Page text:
Determining the duty to defend based on the allegations contained within the complaint comports with the insured's legitimate expectation of a defense. Hecla Mining Co. v. New Hampshire Insurance Co., supra; see Jarchow v. Transamerica Title Insurance Co., 48 Cal. App. 3d 917, 122 Cal. Rptr. 470 (1975) (the provisions of the policy must be construed so as to give the insured the protection which he reasonably had a right to expect); Leland v. Travelers Indemnity Co., 712 P.2d 1060 (Colo.App.1985).

Here, Transamerica's policy to Barker provides:

[Transamerica] hereby insures ... the Insured against loss or damage ... which the Insured shall sustain by reason of: any defect in ... the title to the estate or interest covered hereby subject to [exceptions and exclusions listed herein.]

Transamerica's duty to defend is contained in the policy's "Conditions and Stipulations." It provides:

[Transamerica] agrees to defend at its own cost and expense the title ... hereby insured in all actions or other proceedings which are founded upon ... a defect... against which this policy insures.

Wheeler's complaint against Barker alleged, inter alia, that the deed to Barker was recorded without Wheeler's knowledge or consent, that it was not properly notarized, that Wheeler received no consideration, that he did not agree to sell the property to Barker, that the deed was forged or fraudulently obtained, and that Wheeler was the rightful owner of the fee simple title to the property.

Construing the terms of the policy according to general rules of contract law, Hecla Mining Co. v. New Hampshire Insurance Co., supra, we find as a matter of law that Wheeler's claims are risks within the scope of the policy. The policy, by its terms, insures against any defects. Within Wheeler's allegations are several off-record defects, such as forgery and alteration of the deed, and fraudulent and defective transfer of that deed, which, although not revealed by an abstractor's search of *576 the public record, are risks recognized and insured against in the title industry. D. Burke, Law of Title Insurance § 1.3.2 at 23 (1986); see R. Powell, Powell on Real Property § 1036 at 92-15 (1991) (fundamental sources of risks in title insurance, covered in policies in different degrees, include "[h]idden defects not disclosed by the public records").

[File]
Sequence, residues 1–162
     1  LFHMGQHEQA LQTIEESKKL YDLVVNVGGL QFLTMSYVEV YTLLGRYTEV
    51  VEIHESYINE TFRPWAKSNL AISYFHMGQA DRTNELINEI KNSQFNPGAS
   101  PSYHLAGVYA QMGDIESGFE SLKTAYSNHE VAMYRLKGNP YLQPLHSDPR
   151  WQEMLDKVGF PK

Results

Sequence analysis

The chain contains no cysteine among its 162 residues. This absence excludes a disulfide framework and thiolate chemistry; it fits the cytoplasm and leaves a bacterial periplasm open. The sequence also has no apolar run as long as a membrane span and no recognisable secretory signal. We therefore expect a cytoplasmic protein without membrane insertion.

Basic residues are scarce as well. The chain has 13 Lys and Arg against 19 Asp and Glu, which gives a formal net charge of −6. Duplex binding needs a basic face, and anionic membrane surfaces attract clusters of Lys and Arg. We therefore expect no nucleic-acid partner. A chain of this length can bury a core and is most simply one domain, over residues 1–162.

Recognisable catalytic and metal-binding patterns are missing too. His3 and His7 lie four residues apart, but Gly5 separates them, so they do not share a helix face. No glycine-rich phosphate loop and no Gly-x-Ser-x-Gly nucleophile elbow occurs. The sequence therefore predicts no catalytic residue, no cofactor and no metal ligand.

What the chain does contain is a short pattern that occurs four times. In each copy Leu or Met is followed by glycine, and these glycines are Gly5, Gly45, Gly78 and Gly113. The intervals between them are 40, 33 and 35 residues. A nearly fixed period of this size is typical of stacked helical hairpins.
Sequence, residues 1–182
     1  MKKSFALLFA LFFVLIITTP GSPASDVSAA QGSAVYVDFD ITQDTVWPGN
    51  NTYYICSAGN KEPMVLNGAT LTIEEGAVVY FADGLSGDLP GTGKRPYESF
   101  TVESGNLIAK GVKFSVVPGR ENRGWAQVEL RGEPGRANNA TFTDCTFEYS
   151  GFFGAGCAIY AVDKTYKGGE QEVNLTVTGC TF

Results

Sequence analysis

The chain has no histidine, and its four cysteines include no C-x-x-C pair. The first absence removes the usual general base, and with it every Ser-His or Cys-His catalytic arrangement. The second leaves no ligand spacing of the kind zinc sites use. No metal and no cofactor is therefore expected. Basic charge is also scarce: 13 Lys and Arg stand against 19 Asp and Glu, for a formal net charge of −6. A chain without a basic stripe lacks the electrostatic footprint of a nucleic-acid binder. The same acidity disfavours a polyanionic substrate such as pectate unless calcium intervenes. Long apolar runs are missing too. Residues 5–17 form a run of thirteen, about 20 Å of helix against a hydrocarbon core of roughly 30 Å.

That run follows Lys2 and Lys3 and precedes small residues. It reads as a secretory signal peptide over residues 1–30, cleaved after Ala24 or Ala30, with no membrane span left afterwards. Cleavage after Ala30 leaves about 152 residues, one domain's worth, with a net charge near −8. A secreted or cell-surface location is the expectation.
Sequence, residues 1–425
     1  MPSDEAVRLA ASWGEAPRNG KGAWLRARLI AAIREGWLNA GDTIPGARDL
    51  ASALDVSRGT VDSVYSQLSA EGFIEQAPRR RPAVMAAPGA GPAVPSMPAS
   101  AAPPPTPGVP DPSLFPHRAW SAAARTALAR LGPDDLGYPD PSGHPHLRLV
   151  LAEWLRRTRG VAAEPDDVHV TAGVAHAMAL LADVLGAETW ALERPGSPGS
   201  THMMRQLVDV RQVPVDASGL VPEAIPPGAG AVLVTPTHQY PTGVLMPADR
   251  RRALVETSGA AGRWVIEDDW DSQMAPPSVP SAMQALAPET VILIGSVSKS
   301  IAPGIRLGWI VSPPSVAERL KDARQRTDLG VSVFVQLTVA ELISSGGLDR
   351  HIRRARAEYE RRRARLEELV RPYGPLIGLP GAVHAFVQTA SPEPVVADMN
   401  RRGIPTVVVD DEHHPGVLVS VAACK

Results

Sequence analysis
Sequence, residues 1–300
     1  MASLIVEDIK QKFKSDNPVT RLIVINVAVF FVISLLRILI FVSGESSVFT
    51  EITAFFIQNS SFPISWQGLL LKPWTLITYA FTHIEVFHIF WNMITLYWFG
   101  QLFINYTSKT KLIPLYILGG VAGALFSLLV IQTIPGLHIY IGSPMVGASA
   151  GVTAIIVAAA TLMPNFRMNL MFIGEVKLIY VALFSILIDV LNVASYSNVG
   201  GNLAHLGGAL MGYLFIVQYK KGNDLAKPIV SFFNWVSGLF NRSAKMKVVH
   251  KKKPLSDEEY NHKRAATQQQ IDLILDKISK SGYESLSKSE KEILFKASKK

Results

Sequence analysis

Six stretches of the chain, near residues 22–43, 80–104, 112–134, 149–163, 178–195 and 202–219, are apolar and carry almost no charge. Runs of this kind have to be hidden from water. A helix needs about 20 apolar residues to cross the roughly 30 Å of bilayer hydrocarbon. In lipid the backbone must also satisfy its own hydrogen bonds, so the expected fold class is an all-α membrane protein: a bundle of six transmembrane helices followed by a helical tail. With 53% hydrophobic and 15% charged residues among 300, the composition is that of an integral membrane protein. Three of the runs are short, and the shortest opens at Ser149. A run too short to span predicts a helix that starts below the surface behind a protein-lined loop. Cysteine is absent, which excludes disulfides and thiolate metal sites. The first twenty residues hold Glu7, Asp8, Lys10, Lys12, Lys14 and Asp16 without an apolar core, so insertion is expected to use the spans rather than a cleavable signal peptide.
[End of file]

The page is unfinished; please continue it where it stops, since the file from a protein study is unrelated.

Because these off-record risks are not excused or excepted from the terms of Barker's policy, we conclude that they are within the general insuring provisions of the policy. See Koncilja v. Trinity Universal Insurance Co., 35 Colo.App. 27, 528 P.2d 939 (1974) (having affirmatively expressed coverage through broad promises, the insurer assumed a duty to define any limitations upon that coverage in clear and explicit terms).

We disagree with Transamerica's argument that the claims asserted by Wheeler are an "attack upon the manner in which the insured acquired title," not a "challenge to the quality of the title received." By the plain language of his complaint, Wheeler alleged that he, rather than Barker, was "the rightful owner of the fee simple title ... free and clear of all claims of right or title." In our view this allegation is a challenge to the titlea total failure of titlefor which Barker had a legitimate expectation of defense.

And, contrary to Transamerica's assertion, Safeco Title Insurance Co. v. Moskopoulos, 116 Cal.App.3d. 658, 172 Cal. Rptr. 248 (1981), from which the "manner in which [insured] acquired title" language derives, does not demand a different conclusion. In Moskopoulos, there were allegations that the insured himself had committed fraud. See D. Burke, Law of Title Insurance § 9.4 at 303 (1986) ("The majority view is that an insurer is not bound to defend a lawsuit based upon the intentional torts of the insured. A distinction is thus maintained between tort and title actions, and the insurer is bound to defend only the latter."). Also, there was a provision within the Moskopoulos policy which excluded coverage if the insured "created, suffered, assumed or agreed to" the defects which caused his losses. Moreover, the Moskopoulos court observed that there were no facts which constituted any defect in the title and no suggestions of "any off-record risk in the chain of title coming within the policy coverage, such as a forged, altered or improperly delivered deed" on the policy date.

Accordingly, Moskopoulos is distinguishable from this case in which the allegations of fraud were against Reese, not Barker, in which there are no applicable exclusions, and in which there were allegations of off-record risks of a forged, altered, and improperly delivered deed.